Tuesday, November 15, 2011

Willpower or Won't-power: Your Choice

At the age of 17 I asked my parents for a guitar. “No” they replied. “We bought you a piano (when I was 10) and you quit. You want to play guitar, you earn the money, buy the guitar and pay for the lessons.” I did earn the money, bought the guitar, taught myself how to play and had years of enjoyment. (I still play occasionally) But that “no” taught me more than just how to be stubborn. It taught me that if I want something I have to do the work to get it.

We live in a society that eschews delayed gratification. Everything is instant; instant food, cash, entertainment, etc. We get upset when the download speed of our computer or smart phone is not fast enough. Sadly this instant gratification has much to do with lack of success and achievement.
“Willpower is a muscle,” states psychologist Roy Baumeister in his latest book, Willpower. It gets depleted as we move through the day. The more we need to use it, it gradually weakens. Yet, it is willpower precisely that helps us complete assignments, run 10Ks, build houses, tend gardens, and do whatever else we want to accomplish in life. The challenge is that we live in a society and time where willpower is admired from a distance, but is not a constant in many of our lives. The good news from Baumeister is that when we use willpower over and over, we can strengthen it. The better news is that anywhere we practice willpower (e.g., making the bed every morning) it increases willpower in other areas.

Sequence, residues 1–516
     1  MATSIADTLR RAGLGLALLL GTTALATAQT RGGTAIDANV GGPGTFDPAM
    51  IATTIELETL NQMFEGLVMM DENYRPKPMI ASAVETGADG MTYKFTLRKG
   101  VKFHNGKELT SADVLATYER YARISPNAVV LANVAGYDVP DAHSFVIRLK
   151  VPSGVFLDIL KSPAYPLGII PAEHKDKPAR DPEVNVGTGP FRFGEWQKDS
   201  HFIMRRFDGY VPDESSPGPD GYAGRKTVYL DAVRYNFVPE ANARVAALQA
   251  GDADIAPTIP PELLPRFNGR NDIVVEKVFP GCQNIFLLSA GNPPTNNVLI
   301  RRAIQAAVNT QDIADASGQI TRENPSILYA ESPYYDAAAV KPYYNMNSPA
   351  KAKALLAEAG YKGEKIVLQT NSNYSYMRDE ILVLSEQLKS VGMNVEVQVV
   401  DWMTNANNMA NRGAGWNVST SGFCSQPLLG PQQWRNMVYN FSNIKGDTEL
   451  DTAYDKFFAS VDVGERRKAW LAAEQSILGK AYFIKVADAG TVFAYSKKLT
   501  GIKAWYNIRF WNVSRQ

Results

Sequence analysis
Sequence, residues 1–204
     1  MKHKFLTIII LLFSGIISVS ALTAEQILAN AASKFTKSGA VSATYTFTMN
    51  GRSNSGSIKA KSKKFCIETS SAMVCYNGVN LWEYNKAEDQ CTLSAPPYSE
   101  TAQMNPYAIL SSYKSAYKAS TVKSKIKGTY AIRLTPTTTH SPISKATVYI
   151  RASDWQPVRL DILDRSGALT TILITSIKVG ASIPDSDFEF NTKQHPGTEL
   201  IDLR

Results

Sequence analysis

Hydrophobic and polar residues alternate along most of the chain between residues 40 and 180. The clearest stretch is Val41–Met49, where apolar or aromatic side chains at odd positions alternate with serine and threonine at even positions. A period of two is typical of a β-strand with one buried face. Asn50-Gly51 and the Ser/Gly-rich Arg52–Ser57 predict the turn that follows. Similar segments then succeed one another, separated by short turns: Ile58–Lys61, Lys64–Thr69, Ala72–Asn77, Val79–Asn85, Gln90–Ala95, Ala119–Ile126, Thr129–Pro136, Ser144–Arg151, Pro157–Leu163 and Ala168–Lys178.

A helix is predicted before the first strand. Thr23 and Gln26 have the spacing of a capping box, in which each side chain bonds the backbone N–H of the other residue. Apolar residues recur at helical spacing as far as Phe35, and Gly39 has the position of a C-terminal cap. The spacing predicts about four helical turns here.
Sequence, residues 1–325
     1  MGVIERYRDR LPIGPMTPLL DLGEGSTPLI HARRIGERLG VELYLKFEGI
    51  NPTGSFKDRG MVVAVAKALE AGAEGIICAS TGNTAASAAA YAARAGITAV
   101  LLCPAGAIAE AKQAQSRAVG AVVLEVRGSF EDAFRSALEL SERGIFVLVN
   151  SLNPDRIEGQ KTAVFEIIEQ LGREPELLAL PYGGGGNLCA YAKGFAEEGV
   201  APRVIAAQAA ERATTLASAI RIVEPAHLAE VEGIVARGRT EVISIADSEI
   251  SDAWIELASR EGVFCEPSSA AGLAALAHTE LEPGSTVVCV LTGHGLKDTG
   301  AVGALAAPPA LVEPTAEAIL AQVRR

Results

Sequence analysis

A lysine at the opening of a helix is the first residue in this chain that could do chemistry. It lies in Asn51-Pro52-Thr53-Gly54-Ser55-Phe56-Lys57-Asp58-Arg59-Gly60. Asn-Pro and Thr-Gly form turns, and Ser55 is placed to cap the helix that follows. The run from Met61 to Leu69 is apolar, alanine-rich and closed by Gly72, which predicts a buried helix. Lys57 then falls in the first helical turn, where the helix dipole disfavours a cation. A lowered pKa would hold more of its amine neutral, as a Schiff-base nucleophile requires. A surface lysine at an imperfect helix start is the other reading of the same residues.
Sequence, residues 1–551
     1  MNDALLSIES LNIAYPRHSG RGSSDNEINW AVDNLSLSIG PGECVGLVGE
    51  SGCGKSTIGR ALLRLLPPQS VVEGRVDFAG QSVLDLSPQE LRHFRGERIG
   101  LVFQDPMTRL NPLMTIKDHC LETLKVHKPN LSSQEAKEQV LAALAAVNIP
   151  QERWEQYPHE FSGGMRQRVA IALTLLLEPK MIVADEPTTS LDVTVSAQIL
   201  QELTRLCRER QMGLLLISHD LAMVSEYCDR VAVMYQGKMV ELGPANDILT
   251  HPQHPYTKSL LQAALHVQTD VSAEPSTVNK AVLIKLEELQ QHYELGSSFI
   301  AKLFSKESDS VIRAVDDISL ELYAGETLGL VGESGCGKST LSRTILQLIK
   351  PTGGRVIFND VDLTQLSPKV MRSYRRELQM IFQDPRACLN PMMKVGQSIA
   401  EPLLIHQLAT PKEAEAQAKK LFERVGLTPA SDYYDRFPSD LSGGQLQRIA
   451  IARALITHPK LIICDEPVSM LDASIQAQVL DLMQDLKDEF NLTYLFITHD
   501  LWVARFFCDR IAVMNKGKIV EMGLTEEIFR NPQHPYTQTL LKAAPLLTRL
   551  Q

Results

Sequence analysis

Why does this matter to personal greatness? When I facilitate workshops on personal greatness what keeps most people from accomplishing their goals is that they aren’t willing to put in the work necessary to get things done. Though I know personally how daunting some goals seem, I’ve learned that giving up easily, or not starting at all is the surest way to guarantee that something won’t happen; that’s won’t-power. But making a choice to try, even if you might fail, provides a sense of accomplishment much deeper than just sitting and dreaming.

So, what happens when you hear “no” from someone, or even yourself? Do you become more determined to succeed, or just give up? Even trying a little to achieve what you want increases your willpower and it brings you one step closer to achieving what you hope to achieve.